At a Glance:
Year became a federation: 1853
Current constitution in force since: 1994
Head of State: President
Head of Government: President
Our work in Argentina
The Forum has worked with local partners in Argentina since 2001 to organize learning events ranging from a comparative workshop on federalism to a seminar on fiscal responsibility for federations at the end of the economic crisis.
Federalism in Argentina
Democracy returned to Argentina in 1983, following a period of military dictatorship that culminated in the Falklands/Malvinas War of 1982, and federalism returned with it. Since then, Argentina has seen normal tensions between the executive branch and parliament, between its provinces and the federal government.
Argentina’s Federal Pact of 1831 –15 years after independence from Spain - laid the groundwork for the constitution that gave institutional form to the state. Argentina was a representative democracy by the 1890s, although politics remained for the most part the domain of the elites.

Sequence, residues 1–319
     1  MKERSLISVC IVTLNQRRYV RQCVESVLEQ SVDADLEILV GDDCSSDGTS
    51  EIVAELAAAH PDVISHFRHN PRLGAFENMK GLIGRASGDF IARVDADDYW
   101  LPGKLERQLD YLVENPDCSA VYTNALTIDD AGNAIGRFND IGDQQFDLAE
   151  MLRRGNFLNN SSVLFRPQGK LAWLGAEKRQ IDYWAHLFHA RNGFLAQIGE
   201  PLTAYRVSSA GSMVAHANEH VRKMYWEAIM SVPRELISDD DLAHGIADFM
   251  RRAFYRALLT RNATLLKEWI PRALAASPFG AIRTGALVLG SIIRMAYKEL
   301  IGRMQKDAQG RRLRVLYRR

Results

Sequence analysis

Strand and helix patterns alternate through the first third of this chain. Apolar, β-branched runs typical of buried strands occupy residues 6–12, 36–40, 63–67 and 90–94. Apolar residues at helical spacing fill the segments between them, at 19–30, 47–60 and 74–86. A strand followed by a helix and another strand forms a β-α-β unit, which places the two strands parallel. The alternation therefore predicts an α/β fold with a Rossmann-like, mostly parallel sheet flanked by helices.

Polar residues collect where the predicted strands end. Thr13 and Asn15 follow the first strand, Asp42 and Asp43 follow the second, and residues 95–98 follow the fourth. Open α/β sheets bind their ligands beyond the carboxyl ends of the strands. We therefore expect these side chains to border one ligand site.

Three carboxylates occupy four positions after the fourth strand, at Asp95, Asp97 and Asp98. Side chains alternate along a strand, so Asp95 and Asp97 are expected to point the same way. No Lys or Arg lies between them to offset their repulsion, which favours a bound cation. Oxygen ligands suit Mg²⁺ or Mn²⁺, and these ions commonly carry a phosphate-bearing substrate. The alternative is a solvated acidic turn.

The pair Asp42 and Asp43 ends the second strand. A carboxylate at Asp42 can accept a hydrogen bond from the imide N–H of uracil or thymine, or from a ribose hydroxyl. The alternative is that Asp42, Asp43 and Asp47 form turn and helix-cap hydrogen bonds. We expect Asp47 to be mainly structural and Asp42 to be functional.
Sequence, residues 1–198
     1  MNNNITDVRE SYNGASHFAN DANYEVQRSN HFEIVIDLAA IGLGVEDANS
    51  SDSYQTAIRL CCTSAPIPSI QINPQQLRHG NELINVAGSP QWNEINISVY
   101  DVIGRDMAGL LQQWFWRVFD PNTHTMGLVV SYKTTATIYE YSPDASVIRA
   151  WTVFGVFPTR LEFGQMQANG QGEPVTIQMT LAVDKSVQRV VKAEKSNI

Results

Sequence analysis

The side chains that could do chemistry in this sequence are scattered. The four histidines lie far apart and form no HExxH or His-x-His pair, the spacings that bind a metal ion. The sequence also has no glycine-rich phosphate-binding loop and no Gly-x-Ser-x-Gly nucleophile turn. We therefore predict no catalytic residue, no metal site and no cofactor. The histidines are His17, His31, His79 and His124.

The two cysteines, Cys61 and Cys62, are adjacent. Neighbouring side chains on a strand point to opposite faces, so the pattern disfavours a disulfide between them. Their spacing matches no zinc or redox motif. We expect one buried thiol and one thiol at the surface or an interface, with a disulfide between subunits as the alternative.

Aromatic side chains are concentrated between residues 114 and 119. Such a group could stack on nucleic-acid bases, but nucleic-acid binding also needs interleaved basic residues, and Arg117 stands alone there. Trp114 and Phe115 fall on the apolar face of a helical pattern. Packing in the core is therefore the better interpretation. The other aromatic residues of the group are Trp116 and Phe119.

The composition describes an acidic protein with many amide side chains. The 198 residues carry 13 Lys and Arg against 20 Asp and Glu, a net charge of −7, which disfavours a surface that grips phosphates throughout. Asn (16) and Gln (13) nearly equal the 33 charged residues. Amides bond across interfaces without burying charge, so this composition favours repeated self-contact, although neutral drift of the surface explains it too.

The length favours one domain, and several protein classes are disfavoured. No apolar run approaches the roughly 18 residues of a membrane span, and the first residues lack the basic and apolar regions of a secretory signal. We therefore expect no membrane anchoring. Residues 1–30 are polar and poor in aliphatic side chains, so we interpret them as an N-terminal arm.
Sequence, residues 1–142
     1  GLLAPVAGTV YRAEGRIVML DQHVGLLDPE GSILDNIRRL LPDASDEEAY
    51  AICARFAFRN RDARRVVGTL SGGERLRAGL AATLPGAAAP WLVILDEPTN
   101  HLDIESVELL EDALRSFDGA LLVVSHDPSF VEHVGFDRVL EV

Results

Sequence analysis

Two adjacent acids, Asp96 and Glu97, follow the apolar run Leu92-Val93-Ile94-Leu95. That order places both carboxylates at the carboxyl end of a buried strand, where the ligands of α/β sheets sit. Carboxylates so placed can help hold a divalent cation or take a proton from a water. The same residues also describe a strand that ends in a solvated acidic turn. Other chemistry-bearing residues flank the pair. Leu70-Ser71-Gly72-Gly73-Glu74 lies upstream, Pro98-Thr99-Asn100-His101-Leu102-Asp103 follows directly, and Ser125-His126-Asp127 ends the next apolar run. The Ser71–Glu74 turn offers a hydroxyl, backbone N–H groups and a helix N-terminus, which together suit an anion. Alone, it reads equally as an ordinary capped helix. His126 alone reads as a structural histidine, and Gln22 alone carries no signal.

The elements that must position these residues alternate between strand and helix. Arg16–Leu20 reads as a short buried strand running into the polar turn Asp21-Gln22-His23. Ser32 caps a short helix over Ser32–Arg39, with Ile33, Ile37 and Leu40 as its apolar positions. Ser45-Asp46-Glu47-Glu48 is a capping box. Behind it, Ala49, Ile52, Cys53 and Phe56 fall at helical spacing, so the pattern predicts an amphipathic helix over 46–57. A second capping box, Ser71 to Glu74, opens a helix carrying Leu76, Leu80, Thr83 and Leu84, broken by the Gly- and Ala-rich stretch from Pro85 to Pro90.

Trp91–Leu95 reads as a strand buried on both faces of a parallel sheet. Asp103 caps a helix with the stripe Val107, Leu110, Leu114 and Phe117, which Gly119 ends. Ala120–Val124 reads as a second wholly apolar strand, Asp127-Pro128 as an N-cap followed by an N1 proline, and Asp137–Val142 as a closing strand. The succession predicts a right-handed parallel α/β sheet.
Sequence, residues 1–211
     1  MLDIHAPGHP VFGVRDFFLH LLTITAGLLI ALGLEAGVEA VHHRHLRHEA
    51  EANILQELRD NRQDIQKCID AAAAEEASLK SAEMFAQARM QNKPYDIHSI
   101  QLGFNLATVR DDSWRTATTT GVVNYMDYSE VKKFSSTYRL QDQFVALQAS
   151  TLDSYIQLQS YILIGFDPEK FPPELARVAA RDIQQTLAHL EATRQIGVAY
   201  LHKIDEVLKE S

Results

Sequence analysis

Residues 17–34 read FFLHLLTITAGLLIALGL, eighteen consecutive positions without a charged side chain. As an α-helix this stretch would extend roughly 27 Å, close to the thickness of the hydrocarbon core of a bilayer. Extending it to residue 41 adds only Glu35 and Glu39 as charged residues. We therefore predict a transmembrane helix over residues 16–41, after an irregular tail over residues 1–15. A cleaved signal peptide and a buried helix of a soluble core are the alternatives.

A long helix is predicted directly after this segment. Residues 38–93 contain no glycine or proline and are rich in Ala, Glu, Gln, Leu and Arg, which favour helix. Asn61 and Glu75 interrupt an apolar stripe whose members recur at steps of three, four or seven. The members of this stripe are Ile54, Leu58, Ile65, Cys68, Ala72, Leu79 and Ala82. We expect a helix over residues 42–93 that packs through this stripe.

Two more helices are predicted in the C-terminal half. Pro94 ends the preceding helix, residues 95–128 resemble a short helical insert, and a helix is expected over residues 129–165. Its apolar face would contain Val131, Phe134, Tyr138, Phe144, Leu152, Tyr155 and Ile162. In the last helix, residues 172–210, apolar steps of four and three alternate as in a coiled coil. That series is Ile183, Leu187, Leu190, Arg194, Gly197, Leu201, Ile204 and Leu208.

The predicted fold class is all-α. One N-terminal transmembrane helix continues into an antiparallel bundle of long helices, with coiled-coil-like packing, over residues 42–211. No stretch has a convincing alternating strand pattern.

In 1930, conservative forces launched a period of authoritarian rule leading to political instability which lasted until 1983. This 53-year era was interrupted by a decade dominated by Juan Domingo Perón, who transformed the working class and its organizations into political players before he was deposed by the military in 1955.
An economic crisis in 2001-02 sparked public protests and the successive resignations of several presidents. Néstor Carlos Kirchner from the Peronist party was elected president in 2003 and he was succeeded in 2007 by his wife, Cristina Fernández de Kirchner.
* Development assistance program countries